LNG Carrier in port
LNG carrier in port LNG carrier in port

Ships for the long haul

With the global LNG distribution network rapidly expanding and energy prices on the rise again, LNG carriers must meet entirely new requirements with regards to both design and operational efficiency. DNV GL offers unique capabilities in comprehensive performance optimization.

The worldwide LNG trade patterns are changing. Today liquefied natural gas is routinely transported across very long distances – typically from the USA or western Africa to the Far East. What is more, ship fuel prices, after years of decline, are on the rise again, while the pressure increases to keep the CO2 footprint in check. All this means that fuel efficiency plays a greater role than ever in keeping transport costs down and the ships attractive to charterers.

With this in mind, the Chinese shipbuilding company Hudong-Zhonghua wanted to get the best out of the design when planning its next generation of 174,000-cubic-metre LNG carriers. To leverage the latest expertise and technology, H&Z approached DNV GL for a joint development project. “DNV GL has rich experience and expertise in both the LNG industry and modern CFD technology for vessel performance analyses. We are very happy to work with this international leading class,” said Song Wei, Head of the R&D department at Hudong-Zhonghua. The operational profile for the ships was developed based on real-life AIS sailing data, which suggested a typical 60 per cent of sailing time spent in laden condition and 40 per cent in ballast, with speeds ranging between 15 and 19.5 knots.

In a first phase Hudong presented two design proposals: a slender, longer hull shape with a B1 beam (less than 46 m wide), and an alternative design with a wider, B2 beam (more than 46 m wide) at reduced length. To identify the most fuel-efficient concept, DNV GL undertook simulations with a standardized CFD setup in full scale. This procedure does not require application of traditional model test extrapolation methods since the fluid-dynamic properties are considered for the actual operating conditions. Both designs showed well-balanced performance between laden and ballast draught. For the anticipated operating profile, however, the B1 design exhibited a power demand that was approximately five per cent lower than that of the wider B2 variant, a penalty that could not be compensated by the benefit of higher displacement. Having achieved this much, the project partners were convinced that further hull design improvements would allow them to tweak efficiency by an additional three to four per cent.

Project phase two involved a dedicated, formal hull lines optimization to exploit the full potential of the B1 design. DNV GL’s ECO Lines service, which combines a fully parametric geometry model with computational fluid dynamics (CFD) and dedicated genetic optimization techniques, was the method of choice. The process began with a mutual definition of optimization targets and applicable design constraints. Then a dedicated parametric model was developed which served as a basis for generating hull shape variations. The process ensures that the ship forms derived are buildable while meeting the design constraints.

In this case constraints were applied to keep the displacement in ballast and laden conditions as well as the centre of buoyancy within tight limits. In addition a minimum propeller clearance was defined, and various hard points were added to allow installation of the LNG tanks.

Now the basic design was ready for computer-based optimization using DNV GL’s high-performance cluster of more than 7,000 CPUs. The geometry was generated for each design variant, and hydrostatic properties were analysed to check for intake and stability requirements. Design variants that met the requirements then underwent a performance analysis by means of computational fluid dynamics. More than 120,000 hull shape variations were looked at in the course of this project.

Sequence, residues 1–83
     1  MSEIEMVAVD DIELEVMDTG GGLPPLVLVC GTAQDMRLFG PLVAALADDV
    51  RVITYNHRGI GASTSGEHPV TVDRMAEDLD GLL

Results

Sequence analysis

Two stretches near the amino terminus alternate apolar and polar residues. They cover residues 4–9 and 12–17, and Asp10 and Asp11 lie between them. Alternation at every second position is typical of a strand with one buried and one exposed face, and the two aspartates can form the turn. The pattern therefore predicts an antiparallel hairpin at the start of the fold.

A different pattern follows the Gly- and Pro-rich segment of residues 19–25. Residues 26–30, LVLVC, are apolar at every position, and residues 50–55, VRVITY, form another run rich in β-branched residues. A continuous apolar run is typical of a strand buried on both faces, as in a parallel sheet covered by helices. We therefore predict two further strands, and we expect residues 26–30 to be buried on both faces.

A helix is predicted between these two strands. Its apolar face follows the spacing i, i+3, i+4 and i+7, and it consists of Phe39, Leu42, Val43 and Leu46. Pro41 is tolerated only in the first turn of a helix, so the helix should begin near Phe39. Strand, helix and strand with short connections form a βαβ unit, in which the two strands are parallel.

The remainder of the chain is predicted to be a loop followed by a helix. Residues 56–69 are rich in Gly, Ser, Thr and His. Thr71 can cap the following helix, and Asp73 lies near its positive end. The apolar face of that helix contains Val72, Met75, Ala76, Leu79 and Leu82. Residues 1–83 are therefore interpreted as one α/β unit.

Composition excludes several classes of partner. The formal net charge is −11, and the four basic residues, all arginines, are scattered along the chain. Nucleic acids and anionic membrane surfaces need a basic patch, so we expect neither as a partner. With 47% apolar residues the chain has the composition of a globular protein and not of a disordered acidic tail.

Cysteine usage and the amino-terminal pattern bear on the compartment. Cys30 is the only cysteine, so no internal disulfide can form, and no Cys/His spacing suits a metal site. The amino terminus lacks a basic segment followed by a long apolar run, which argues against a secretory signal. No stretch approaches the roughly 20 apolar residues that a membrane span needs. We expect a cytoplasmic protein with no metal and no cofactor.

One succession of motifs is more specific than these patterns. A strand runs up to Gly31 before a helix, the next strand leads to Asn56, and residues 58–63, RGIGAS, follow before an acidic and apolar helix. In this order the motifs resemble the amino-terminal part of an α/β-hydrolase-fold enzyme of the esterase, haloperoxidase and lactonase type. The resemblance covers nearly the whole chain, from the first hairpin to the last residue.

An item of special importance was the alignment of the propeller shaft lines. While many twin skeg designs feature inclined shaft lines to adapt to the local flow conditions, Hudong preferred parallel shaft lines to obtain a more compact machinery space. To investigate the detailed effects of the rotating propellers in the wake of the skegs, DNV GL utilized a dedicated software tool which uses fully viscous calculations to optimize the propulsion system, accounting for the rotational components of the propeller. Finally a configuration was identified that accommodated a parallel shaft line arrangement and showed the desired level of performance.

Energy efficiency optimization

Because of the complex nature of LNG carrier operation, the machinery and systems must be flexible and operate efficiently across the entire operational profile. Operational and demand profile models were developed using COSSMOS, a DNV GL simulation software tool. Hudong and DNV GL set the speed range parameters for laden and ballast condition ten to 20 knots. In addition, the engineer considered various non-sailing modes, including anchored unloaded, cargo loading, anchored loaded, and cargo unloading condition. Based on the operational profile, various re-liquefaction technology variants, fuel gas handling system configurations, and auxiliary engine economizers were subjected to techno-economic assessments using DNV GL’s COSSMOS tool. The results showed that AE economizer systems may bring better important overall efficiency improvement technology.

“We were very excited to see the final report, which showed that the expected improvement potential could be fully realized by this JDP,” said Song Wei, when the results had been reviewed. “We subsequently conducted model tests. We will be ready to offer our fourth-generation LNGC V2.0 design to our clients in the coming months – thanks to the great work done by DNV GL.”

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